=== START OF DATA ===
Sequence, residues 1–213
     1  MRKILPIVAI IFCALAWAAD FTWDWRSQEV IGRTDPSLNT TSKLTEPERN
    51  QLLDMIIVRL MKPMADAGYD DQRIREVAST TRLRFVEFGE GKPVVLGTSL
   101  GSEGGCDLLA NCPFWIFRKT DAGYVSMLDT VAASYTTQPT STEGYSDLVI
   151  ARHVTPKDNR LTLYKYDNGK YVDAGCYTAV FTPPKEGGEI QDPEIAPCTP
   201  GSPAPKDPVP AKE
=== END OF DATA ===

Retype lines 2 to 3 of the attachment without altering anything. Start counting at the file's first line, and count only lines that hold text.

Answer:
     1  MRKILPIVAI IFCALAWAAD FTWDWRSQEV IGRTDPSLNT TSKLTEPERN
    51  QLLDMIIVRL MKPMADAGYD DQRIREVAST TRLRFVEFGE GKPVVLGTSL